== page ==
Online Community Management [video]

"A successful community is a bit like a party"

In this presentation, Jamie Papas talks about what makes a successful community. She compares online communities to parties from several different points of views. Here are some of the analogies:

  1. Both have a host, someone that is responsible for organizing, inviting, maintaining, connecting, and keeping everyone happy.
  2. Without people, there is no party: invite more than you expect to come but be prepared for all them to come.
  3. Analyze and Optimize for the next party: solicit feedback, make adjustments, be responsive, be present.

The business value of social media is more than just listening. Contributing is more than just interjecting corporate comments and ideas. Engaging with any online community requires unique social skills. A community manager is the linchpin of a vibrant group. They are the instigator and catalyst of conversations. Like a gracious host, they are essential to encourage dialogue, initiate new discussion topics, make introductions and smooth over the jagged edges of social interaction. As organizations recognize the need to add this new role to their employee roster, the question follows, how does one assess their effectiveness? How do you measure the success of a community manager?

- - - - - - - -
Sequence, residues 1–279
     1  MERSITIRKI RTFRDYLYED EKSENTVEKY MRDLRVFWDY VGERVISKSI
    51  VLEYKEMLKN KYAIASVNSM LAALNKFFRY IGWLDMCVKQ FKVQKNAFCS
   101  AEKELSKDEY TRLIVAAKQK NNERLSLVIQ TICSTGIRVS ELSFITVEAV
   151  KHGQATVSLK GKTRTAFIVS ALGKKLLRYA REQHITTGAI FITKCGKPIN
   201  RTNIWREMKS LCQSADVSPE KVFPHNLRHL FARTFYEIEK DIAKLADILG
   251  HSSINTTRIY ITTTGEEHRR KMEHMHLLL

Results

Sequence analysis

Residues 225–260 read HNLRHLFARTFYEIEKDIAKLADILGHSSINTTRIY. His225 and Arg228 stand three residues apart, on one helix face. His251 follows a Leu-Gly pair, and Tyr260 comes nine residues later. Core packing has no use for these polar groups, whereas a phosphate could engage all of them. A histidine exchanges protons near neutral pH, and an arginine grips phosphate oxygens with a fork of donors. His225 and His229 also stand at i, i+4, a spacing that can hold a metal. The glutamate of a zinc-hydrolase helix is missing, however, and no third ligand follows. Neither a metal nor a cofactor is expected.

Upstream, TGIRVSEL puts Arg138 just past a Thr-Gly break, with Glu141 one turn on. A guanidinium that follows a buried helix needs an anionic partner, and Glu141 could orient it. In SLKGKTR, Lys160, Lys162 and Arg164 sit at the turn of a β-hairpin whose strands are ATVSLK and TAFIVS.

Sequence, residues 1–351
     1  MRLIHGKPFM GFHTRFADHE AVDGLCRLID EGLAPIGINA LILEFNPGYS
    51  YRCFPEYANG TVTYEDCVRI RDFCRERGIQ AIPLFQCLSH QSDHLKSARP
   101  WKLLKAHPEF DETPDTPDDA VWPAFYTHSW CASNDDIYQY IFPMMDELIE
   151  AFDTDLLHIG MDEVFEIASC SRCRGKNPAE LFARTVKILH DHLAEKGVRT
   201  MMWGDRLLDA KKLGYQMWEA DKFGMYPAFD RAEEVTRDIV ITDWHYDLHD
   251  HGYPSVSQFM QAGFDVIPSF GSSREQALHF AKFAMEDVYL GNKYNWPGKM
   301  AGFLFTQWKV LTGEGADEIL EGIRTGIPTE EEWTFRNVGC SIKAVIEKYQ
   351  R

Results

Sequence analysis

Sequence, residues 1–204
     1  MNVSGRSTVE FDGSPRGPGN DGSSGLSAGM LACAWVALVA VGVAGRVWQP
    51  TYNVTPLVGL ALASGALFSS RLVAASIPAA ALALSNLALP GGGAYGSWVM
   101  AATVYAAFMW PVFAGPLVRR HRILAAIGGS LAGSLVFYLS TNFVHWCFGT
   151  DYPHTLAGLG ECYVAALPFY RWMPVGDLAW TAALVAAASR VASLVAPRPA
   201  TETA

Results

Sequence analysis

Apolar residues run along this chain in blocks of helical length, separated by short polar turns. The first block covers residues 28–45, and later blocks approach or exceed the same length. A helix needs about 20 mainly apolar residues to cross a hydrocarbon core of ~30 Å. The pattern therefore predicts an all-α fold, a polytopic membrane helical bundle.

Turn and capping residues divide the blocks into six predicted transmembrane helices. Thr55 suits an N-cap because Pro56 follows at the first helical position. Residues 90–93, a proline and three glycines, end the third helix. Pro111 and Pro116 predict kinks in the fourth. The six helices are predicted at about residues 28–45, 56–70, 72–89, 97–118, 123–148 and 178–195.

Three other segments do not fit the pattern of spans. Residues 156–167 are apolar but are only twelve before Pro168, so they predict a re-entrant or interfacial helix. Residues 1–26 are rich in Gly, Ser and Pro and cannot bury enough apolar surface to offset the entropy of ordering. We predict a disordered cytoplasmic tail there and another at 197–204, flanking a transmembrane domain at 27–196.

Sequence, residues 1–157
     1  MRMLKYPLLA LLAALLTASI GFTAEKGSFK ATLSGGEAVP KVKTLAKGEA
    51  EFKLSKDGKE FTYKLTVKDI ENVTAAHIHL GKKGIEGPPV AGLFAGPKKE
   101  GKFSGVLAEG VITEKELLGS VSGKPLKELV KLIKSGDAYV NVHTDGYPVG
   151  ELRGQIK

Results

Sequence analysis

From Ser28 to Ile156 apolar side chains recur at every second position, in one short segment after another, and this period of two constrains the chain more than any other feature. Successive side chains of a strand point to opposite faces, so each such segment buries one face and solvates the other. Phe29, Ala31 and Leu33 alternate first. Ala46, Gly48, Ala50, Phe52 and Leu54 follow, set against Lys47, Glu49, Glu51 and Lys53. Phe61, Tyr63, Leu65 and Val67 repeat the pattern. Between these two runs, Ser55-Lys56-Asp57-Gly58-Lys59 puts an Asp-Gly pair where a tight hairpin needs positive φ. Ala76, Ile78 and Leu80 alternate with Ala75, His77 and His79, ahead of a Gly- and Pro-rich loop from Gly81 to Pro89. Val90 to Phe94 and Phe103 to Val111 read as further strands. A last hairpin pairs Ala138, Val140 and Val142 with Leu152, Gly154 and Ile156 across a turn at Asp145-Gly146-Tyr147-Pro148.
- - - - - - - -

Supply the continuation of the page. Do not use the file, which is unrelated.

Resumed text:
Presentation Slides


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Jamie Pappas

Jamie is an Enterprise 2.0 and social media strategist, evangelist, community manager, and official blogger at EMC Corporation. She has a hand in developing and driving overall Enterprise 2.0 and social media strategy across the entire organization, identifying opportunities to integrate social media and community into the daily lives of employees, both internally as a team collaboration tool, and externally as a way to engage with customers, partners and prospects. Jamie is a founding member of The 2.0 Adoption Council and The Community Roundtable, as well as Membership Director for The Social Media Club, Boston Chapter. You can connect with her online at her blog, Social Media Musings, or via Twitter @JamiePappas.

Online Behavior © 2012